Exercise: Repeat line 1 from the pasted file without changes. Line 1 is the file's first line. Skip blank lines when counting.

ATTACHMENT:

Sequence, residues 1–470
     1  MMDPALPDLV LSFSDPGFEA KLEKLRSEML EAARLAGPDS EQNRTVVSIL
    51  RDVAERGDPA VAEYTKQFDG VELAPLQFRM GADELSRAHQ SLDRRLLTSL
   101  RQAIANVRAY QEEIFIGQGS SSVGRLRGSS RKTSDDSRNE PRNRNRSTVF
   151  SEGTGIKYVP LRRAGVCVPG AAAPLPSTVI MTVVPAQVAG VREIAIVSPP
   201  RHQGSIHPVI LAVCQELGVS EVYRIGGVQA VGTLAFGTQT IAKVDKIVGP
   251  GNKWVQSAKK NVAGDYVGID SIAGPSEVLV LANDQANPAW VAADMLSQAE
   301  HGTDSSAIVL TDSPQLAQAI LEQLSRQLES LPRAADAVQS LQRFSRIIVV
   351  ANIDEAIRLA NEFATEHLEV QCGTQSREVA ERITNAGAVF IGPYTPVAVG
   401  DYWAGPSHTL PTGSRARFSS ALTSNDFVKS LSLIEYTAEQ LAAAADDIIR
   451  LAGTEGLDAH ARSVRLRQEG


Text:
Sequence, residues 1–470